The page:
Copyright © 1984 by College Entrance Examination Board. All rights reserved. College Board, Advanced Placement Program, AP, SAT, and the acorn logo are registered trademarks of the College Entrance Examination Board.

1984E2. Two large, parallel conducting plates are joined by a wire, as shown above, so that they are at the same potential. Between the plates, at a distance a from the upper plate and a distance b from the lower plate, is a thin, uniformly charged sheet whose charge per unit area is σ The electric fields between the plates above and below the sheet have magnitudes El and E2, respectively. a. Determine the ratio E1/E2 so that the potential difference between the outer plates is zero.

b. The Gaussian surface in the diagram immediately below has faces of area A parallel to the charged sheet. By applying Gauss's law to this surface, develop a relationship among El, E2, a, and any
appropriate fundamental constants.

c.

By applying Gauss's law to an appropriately chosen Gaussian surface, show that the sum of the induced charge densities, σ1 and σ2, on the inner surfaces of the conducting plates equals -σ. Indicate clearly on the diagram below, the Gaussian surface you used.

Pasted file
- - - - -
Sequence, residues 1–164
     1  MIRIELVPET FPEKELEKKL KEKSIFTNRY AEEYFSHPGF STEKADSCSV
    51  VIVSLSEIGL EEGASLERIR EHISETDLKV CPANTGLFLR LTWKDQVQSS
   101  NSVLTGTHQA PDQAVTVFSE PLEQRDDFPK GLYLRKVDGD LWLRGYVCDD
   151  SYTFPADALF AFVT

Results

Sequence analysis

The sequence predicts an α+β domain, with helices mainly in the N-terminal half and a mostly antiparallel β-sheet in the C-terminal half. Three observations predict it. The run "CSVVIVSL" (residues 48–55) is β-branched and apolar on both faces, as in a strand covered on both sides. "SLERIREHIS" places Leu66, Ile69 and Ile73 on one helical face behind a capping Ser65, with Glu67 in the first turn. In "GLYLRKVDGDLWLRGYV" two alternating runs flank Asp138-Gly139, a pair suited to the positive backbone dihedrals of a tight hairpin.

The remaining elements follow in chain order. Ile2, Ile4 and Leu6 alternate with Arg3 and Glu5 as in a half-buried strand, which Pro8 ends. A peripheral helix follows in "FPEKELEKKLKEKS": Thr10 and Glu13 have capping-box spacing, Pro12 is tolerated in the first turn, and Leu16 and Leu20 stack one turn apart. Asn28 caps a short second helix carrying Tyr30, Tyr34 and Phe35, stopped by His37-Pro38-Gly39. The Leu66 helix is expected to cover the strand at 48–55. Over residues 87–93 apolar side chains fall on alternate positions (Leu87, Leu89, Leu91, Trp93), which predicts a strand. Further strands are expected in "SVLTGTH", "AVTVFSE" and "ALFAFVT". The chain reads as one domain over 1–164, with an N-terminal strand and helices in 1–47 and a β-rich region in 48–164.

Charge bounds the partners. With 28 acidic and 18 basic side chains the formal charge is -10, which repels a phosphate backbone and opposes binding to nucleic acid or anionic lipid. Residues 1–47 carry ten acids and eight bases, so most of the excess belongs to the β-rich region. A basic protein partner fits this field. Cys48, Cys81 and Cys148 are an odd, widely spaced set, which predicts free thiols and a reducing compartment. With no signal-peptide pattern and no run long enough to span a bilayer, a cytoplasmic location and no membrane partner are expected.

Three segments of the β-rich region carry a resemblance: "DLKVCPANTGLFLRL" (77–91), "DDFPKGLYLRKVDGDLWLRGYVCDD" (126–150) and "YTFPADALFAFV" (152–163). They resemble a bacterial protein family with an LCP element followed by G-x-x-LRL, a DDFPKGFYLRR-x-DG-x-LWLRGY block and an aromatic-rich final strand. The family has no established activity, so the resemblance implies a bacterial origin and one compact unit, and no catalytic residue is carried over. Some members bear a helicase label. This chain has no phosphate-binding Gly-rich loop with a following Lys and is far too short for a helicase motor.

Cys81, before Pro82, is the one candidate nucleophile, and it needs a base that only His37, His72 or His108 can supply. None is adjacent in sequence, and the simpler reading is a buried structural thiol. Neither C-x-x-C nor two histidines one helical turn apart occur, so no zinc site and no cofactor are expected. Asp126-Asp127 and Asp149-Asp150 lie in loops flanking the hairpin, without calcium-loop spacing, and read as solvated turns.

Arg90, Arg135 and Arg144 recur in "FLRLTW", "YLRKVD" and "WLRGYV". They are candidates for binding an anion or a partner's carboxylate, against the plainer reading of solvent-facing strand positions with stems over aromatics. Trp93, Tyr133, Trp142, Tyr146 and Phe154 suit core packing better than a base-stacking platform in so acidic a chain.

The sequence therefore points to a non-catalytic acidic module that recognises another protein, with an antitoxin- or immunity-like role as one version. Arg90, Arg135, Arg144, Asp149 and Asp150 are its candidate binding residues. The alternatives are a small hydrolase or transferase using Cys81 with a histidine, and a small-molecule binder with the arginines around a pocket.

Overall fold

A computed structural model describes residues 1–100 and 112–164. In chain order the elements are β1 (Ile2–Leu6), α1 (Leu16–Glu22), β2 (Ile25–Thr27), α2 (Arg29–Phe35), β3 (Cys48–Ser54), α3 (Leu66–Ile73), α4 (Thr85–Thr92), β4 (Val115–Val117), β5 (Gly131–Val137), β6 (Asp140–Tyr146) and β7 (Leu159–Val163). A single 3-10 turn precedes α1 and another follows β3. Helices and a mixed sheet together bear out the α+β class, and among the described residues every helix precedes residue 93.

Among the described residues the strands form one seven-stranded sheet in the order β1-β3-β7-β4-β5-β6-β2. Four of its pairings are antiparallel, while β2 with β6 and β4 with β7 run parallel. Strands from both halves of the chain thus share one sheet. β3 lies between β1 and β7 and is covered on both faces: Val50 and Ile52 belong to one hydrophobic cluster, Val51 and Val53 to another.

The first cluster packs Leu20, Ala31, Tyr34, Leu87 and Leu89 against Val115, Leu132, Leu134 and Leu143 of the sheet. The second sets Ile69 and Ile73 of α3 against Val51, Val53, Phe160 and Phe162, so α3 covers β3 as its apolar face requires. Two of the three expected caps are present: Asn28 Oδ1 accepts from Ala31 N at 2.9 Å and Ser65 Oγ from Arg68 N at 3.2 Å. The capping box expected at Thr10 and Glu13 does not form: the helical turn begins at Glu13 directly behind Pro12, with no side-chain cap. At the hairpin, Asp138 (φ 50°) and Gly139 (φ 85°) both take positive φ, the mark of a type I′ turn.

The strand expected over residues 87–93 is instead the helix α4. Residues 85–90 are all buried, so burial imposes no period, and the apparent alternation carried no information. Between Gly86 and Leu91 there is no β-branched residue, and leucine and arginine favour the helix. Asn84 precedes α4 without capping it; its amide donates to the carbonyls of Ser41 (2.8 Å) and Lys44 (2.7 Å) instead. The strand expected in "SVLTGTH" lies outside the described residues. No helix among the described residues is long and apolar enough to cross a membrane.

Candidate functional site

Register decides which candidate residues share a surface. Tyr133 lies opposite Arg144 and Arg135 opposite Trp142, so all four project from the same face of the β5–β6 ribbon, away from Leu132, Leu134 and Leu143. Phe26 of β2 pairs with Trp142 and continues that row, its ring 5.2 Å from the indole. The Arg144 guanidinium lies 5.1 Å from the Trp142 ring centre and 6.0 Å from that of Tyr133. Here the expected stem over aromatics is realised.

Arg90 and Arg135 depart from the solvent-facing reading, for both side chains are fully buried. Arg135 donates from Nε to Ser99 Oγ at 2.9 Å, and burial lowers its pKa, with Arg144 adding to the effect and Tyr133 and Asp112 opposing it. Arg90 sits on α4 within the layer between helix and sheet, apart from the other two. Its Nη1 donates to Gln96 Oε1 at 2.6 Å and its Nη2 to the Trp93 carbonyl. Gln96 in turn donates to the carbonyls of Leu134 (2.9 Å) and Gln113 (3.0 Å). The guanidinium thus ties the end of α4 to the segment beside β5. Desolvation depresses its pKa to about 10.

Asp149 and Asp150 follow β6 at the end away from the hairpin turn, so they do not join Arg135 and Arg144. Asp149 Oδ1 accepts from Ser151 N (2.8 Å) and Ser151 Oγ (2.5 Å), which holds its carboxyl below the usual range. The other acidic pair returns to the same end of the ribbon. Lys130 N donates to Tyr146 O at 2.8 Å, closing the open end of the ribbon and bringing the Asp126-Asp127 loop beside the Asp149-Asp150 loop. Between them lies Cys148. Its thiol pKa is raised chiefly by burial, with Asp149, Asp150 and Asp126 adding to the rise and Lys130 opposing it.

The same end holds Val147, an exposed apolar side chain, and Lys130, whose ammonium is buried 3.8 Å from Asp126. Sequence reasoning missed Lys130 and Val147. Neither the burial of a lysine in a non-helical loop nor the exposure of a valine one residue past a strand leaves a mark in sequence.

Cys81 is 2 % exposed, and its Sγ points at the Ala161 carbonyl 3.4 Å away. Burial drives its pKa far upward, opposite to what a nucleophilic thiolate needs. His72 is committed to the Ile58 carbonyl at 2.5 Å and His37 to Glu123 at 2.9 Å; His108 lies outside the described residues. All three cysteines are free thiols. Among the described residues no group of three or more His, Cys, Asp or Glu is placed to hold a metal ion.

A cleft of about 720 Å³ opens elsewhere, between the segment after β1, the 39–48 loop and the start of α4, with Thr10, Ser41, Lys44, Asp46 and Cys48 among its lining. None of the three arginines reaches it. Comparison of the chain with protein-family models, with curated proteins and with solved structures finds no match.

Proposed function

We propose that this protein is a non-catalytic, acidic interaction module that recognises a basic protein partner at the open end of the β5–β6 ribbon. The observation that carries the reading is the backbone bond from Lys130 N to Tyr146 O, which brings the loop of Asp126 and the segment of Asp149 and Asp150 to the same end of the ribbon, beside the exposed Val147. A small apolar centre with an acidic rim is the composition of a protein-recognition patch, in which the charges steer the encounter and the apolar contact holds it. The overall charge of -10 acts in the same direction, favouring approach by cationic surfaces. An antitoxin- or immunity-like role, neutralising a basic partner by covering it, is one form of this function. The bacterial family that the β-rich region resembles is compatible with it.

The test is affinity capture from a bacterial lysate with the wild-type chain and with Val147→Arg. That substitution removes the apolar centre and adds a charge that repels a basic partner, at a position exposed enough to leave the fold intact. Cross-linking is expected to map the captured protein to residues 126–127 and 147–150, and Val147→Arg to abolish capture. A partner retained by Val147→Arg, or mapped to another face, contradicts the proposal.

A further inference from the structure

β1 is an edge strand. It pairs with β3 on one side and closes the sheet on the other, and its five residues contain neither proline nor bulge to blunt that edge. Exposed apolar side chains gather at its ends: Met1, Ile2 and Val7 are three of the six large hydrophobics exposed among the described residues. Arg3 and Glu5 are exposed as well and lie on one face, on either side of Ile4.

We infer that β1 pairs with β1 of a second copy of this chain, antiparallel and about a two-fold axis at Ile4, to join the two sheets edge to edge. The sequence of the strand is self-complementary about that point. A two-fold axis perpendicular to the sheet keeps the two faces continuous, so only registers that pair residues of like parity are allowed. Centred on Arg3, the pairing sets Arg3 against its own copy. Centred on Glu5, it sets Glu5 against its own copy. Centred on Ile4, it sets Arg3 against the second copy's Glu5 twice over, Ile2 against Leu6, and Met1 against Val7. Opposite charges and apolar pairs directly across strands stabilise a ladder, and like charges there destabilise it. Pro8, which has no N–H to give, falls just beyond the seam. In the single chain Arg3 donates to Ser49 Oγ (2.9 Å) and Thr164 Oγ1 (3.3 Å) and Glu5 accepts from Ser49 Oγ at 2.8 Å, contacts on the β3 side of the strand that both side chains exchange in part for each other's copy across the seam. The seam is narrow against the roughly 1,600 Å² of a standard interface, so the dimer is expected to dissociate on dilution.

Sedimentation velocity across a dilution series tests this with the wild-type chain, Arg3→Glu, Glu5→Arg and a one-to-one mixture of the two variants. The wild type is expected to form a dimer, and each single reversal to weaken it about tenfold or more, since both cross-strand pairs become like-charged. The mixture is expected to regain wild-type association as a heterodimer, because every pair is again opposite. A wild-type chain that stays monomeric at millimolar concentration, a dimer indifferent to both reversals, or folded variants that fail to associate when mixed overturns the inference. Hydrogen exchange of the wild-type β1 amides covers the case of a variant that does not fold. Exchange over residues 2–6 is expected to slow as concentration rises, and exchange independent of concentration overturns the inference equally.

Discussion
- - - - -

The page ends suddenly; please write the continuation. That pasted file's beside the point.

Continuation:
d.

terms of σ, a, b, and any appropriate fundamental constants.

Develop an expression for the potential difference V between the charged sheet and the conducting plates in

Copyright © 1984 by College Entrance Examination Board. All rights reserved. College Board, Advanced Placement Program, AP, SAT, and the acorn logo are registered trademarks of the College Entrance Examination Board.

1984E3. Two horizontal conducting rails are separated by a distance l as shown above. The rails are connected at one end by a resistor of resistance R. A conducting rod of mass m can slide without friction along the rails. The rails and the rod have negligible resistance. A uniform magnetic field of magnitude B is perpendicular to the plane of the rails as shown. The rod is given a push to the right and then allowed to coast. At time t = 0 (immediately after it is pushed) the rod has a speed vo to the right. a. Indicate on the diagram above the direction of the induced current in the resistor. b. In terms of the quantities given, determine the magnitude of the induced current in the resistor at time t = 0 c. Indicate on the diagram above the direction of the force on the rod. d. In terms of the quantities given, determine the magnitude of the force acting on the rod at time t = 0. If the rod is allowed to continue to coast, its speed as a function of time will be as follows.

v = voe -(B²l²t/Rm)
e. In terms of the quantities given, determine the power developed in the resistor as a function of time t. f. Show that the total energy produced in the resistor is equal to the initial kinetic energy of the bar.

Copyright © 1984 by College Entrance Examination Board. All rights reserved. College Board, Advanced Placement Program, AP, SAT, and the acorn logo are registered trademarks of the College Entrance Examination Board.